It is possible to keep one of these units operating for quite some time, but it requires scrupulous cleaning at approximately two to three-week intervals. I shut the unit down on the morning of the day I will do the maintenance (Sundays work well for this), and let it cool down completely (especially if it has been running at the time you turn it off).
I then take off the tank and soak it and the removable plastic screen at the bottom in vinegar (but I've also had good results with Nu-Calgon Nickel-Safe Ice Machine Cleaner - it's like CLR on steroids, and eats through calcium/lime scale from hard water like gangbusters).
I also take out the water-level sensor assembly and soak the metal tips at the ends in the same solutions. Check the ends for fine cracks in the plastic sheathing while you've got them out. If there are any, the assembly should be replaced. After this is done, I rinse them and the tank/screen in cold water. You should also rinse out the drain at the bottom of the tank, opening the lock-valve to let water flow right through it.
Finally, I get a Pyrex measuring cup from the kitchen, fill it with ice machine cleaner, and hold it up so the heating element is completely immersed in it. After a short while, the scale will be dissolved, and the element should have its normal silvery color back. Wipe the extra solution off the element. Finally, put some solution in a container large enough to dip the bottoms of the sensor wells, and let the solution dissolve the scale in them (it will drain out through the bottom holes, where you can wipe it off so cleaner doesn't drip on the floor). Allow the sensors to dry thoroughly before you re-install them, or they'll give faults when you restart the unit.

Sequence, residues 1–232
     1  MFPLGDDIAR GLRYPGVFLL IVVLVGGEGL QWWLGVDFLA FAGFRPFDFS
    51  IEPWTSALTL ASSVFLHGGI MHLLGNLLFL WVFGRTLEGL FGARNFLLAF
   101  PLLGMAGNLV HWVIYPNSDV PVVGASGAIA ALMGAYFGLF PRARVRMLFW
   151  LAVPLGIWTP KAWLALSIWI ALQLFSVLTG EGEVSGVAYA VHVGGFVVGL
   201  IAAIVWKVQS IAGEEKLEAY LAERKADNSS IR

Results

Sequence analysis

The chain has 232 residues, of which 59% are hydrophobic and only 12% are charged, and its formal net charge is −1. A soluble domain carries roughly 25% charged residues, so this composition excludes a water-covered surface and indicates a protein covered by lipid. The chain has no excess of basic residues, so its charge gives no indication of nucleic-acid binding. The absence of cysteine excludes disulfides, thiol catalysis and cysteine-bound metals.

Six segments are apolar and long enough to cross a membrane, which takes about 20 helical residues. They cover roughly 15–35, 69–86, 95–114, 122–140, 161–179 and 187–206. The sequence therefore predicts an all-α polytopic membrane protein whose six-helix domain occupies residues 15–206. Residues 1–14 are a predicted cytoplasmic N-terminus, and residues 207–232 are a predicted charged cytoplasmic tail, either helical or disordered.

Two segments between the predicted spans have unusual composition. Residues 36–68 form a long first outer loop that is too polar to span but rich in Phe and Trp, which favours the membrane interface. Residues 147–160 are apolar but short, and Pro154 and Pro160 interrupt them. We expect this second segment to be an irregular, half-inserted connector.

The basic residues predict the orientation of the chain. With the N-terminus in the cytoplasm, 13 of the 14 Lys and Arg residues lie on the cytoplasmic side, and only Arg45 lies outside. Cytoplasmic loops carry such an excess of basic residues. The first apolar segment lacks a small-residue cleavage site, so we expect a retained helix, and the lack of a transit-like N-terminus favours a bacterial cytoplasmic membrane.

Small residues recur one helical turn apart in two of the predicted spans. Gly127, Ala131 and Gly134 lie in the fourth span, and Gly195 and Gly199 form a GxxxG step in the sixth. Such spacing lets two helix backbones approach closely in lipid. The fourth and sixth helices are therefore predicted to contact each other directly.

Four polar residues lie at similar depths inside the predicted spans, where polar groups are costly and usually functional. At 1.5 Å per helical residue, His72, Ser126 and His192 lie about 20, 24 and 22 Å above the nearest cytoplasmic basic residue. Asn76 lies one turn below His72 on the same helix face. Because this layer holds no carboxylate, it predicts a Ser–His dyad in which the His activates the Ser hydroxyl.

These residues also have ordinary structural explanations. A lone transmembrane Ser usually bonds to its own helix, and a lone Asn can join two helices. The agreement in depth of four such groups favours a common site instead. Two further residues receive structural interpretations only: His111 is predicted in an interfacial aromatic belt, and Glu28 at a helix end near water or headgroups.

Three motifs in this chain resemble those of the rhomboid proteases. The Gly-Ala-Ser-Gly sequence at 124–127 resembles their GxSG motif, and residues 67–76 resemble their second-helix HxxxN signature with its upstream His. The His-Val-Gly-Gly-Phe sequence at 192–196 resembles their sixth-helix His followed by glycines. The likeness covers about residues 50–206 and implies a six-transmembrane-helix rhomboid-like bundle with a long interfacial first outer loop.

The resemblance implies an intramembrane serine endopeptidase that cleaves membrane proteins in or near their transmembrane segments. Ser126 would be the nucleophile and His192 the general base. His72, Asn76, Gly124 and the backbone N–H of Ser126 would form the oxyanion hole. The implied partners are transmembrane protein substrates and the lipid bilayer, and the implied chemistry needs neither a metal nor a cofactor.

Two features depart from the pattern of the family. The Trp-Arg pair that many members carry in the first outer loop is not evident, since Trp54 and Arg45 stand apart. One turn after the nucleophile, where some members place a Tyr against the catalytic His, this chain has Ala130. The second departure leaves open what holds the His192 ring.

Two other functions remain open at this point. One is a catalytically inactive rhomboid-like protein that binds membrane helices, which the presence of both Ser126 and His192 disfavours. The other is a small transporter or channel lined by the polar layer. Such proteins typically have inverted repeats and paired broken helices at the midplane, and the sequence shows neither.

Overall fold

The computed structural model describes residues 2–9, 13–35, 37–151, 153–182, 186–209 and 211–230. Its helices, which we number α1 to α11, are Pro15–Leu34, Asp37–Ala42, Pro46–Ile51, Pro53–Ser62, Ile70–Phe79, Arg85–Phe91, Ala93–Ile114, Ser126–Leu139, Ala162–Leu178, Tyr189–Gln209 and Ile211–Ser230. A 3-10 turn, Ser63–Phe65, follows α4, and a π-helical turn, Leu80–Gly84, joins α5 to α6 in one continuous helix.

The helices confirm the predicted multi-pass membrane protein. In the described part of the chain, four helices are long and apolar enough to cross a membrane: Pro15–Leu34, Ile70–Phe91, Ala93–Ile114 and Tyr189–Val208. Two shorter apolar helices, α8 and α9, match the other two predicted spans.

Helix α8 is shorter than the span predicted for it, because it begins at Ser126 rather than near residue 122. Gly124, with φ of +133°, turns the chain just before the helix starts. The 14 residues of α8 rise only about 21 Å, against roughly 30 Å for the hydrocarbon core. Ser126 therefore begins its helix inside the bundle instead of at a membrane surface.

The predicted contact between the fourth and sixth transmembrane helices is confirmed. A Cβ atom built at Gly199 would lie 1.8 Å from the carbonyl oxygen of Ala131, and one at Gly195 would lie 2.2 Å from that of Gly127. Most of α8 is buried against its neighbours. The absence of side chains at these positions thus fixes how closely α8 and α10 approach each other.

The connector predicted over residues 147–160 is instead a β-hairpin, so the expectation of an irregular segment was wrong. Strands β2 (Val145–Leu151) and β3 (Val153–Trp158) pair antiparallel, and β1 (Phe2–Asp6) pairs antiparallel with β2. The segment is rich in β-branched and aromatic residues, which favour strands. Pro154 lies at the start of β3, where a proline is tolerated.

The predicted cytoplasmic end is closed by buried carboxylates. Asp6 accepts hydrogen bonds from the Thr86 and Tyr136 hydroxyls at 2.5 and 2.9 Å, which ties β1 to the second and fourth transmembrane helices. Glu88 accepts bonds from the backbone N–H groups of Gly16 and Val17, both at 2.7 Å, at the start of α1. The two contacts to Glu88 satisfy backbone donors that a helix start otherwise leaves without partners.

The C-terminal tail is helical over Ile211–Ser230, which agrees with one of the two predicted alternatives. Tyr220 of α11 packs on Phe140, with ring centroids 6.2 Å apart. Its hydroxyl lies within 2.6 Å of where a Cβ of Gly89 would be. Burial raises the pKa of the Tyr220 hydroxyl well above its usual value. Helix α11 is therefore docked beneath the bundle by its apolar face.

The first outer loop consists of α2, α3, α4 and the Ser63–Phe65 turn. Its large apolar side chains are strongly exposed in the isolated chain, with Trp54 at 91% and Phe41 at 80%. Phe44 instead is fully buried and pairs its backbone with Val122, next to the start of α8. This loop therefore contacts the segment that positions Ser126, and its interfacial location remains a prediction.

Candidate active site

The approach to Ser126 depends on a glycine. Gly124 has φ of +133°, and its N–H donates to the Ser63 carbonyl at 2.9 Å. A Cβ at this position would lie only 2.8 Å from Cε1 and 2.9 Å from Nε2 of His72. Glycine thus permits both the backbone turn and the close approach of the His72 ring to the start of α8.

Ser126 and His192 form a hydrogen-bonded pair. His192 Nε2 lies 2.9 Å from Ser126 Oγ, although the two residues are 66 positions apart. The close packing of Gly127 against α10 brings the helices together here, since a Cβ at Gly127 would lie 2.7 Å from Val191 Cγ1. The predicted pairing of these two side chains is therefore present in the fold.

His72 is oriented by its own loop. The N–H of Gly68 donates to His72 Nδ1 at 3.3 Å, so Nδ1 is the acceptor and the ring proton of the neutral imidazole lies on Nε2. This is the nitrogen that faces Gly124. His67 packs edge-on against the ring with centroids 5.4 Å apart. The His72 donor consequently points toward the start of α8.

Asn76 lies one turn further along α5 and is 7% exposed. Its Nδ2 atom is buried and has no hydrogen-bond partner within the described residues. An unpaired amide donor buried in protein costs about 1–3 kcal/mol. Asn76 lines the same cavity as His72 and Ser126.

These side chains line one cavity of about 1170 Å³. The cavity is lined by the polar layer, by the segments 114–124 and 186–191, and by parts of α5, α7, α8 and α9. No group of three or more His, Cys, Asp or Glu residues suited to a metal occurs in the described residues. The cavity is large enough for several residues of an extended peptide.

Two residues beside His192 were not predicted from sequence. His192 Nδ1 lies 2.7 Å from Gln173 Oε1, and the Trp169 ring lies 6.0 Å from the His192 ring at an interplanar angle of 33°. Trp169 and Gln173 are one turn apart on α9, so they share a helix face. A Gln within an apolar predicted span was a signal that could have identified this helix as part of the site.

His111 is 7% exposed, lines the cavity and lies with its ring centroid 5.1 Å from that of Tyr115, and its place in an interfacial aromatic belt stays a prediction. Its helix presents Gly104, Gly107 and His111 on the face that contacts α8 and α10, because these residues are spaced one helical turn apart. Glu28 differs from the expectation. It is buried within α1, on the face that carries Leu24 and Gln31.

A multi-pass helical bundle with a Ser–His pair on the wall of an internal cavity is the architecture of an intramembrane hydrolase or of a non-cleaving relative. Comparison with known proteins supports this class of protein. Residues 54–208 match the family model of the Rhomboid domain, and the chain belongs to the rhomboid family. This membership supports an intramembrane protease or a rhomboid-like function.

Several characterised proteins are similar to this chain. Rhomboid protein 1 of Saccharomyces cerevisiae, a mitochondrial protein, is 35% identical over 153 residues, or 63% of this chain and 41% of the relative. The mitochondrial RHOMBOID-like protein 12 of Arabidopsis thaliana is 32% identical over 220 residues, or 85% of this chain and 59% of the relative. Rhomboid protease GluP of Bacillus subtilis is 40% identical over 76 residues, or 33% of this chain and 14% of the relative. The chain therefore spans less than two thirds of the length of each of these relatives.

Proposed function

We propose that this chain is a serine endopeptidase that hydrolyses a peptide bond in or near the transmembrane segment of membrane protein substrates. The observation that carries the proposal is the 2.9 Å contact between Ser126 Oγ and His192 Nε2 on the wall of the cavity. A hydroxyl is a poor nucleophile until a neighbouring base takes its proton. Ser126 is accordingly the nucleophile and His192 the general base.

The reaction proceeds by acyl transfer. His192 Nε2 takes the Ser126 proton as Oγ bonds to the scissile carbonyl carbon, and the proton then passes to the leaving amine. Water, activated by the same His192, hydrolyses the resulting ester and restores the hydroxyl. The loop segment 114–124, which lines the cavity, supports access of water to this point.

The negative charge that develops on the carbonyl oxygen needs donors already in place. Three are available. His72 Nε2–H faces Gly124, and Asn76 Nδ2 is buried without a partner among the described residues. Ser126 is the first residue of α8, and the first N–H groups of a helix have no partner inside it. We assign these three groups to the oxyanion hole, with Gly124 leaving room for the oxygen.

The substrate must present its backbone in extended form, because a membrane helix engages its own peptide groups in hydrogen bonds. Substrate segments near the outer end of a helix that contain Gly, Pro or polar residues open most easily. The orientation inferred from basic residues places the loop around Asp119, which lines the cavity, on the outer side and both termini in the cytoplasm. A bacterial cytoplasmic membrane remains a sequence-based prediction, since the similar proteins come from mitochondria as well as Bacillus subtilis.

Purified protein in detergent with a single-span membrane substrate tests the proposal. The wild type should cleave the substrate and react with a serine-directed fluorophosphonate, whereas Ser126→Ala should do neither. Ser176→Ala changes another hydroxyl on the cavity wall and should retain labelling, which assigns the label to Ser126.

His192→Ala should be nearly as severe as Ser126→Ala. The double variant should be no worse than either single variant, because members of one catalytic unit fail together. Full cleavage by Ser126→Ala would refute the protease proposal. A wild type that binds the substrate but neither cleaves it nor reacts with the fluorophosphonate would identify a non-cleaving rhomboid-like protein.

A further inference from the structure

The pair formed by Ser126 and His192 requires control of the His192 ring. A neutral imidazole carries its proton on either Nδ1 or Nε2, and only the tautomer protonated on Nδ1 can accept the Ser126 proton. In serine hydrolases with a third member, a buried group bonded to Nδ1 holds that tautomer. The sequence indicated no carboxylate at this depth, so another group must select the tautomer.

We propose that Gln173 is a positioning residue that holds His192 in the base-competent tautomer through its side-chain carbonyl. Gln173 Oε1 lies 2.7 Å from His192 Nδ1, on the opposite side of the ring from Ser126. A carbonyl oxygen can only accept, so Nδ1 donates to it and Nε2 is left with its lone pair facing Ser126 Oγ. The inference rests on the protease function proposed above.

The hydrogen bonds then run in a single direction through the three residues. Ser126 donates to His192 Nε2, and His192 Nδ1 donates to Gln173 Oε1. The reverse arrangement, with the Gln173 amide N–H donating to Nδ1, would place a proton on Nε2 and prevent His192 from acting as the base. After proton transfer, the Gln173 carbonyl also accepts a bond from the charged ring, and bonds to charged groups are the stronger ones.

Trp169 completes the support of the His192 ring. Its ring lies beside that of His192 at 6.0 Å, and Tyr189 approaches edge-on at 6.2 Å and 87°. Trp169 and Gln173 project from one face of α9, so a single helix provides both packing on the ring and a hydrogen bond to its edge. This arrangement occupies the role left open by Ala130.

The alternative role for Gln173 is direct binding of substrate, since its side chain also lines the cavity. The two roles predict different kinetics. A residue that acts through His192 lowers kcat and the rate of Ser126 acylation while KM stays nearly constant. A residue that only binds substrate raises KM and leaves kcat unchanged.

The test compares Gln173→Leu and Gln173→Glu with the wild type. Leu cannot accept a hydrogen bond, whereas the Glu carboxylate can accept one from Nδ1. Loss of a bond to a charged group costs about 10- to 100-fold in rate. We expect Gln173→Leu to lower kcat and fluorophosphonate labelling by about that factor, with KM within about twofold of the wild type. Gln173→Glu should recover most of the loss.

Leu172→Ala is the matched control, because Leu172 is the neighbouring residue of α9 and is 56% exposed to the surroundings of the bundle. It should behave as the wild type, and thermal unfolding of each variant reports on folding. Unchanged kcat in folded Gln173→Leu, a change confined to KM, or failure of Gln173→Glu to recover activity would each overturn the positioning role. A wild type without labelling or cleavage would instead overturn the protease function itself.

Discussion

Put the whole thing back together, plug in the 120Vac again, set the humidistat for a humidity call, push the Go button, and the unit should fill and start working. As a final check, feel the front of the tank in a few minutes to make sure the element is warming up. You should be all right from this point on. Do this again in another three weeks, and you should be able to keep this unit operating for a long time.
Our city has very hard water, so I have come up with this regimen for my TrueSteam, and I've had it for four years so far. My first one needed to be replaced on warranty after a year due to the element not heating, but this second one is still working fine.